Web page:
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King Grayskull

Masters of the Universe
by Rustin Parr

Mattel is getting ready to start a new incarnation of He-Man, known as the Masters of the Universe Classics. For all my thoughts on the line, read our new Point of Articulation, "I HAD THE POWER!!!" The first figure offering actually straddles the line between the 2002 line and the new one: SDCC exclusive King Grayskull!

Long before Prince Adam held the Sword of Power to become He-Man, his ancestor, King Grayskull, defended Eternia from evil. Heroically mastering the secret power of his sword, Grayskull fought side-by-side with the cosmic warrior He-Ro against both the evil Hordak and King Hiss.

Although Grayskull eventually fell before Hordak's magic, he was able to preserve his powers inside the sword, so that one day his descendants could reclaim the power and call upon Grayskull's name whenever evil threatens the peace of Eternia. To this day, Grayskull's spirit remains hidden away deep inside the castle which will forever bear his name.

So King Grayskull is basically the dude what empowers Prince Adam to be He-Man and is the namesake for the infamous castle. As such, he is in many ways identical to the He-Man we know and platonically love, though with just enough variance to separate the two men. The most noticeable difference is that Grayskull comes with a big giant cape lined with animal fur at the shoulders. He sports some stylishly long hair with two "ponytails" at the front. This is a direct nod to the Horsemen's original concept for the '02 reboot, but toddler focus groups opted for the shorter, more anime hair (a good decision, let's be honest). He also sports the "bandolier" with the '02 style "asterisk" design. Other than that he pretty much in standard He-Man attire - metal bracelets, a furry loincloth and medieval boots.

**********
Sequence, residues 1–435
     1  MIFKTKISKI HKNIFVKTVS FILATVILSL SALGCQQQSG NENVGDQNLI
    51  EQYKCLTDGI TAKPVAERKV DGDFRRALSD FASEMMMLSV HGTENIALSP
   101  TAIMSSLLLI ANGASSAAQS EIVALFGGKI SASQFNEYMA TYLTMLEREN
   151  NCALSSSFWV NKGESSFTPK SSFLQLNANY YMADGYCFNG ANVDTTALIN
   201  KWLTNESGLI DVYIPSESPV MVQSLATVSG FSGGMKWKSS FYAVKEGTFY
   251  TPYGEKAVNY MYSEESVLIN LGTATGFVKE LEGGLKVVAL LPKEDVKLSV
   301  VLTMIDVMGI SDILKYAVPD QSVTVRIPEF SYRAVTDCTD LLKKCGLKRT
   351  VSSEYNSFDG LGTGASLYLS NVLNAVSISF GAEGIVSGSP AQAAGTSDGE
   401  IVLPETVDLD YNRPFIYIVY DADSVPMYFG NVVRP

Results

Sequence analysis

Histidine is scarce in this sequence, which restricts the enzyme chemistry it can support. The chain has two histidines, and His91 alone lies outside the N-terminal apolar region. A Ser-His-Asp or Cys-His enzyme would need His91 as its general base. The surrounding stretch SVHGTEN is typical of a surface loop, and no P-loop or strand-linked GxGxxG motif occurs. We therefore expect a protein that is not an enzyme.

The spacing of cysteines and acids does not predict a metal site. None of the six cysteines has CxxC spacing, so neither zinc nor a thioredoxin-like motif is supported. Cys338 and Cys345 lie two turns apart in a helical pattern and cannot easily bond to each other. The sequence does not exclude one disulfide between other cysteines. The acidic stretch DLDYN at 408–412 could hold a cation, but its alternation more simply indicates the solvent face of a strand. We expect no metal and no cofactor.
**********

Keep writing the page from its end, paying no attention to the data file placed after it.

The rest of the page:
The sculpt is very nice, this is definitely a bulkier He-Man than the modern one, which is a nice way to delineate between to the two men. It strikes a nice balance between the grotesque 'roid-raging He-Man of the '80s, and he sleeker look of the '02 reboot. His proportions are far, far less angled than what the Horseman did with the line previously, so unfortunately it's not a perfect fit, but again, that can be shrugged of as the character being "from another time...". He also sports a more European likeness, much closer the '80s icon.

Articulation is abundant, with 21 points. They are: balljoint shoulders, swivel biceps, hinge elbow, swivel wrist, balljoint hips, swivel thigh, hinged knees, swivel calf (at the boot), hinged ankles, swivel waist, hinged mid-torso, and balljointed head. All of it works pretty well, too, except for the excessive golden mane, which renders the head barely mobile.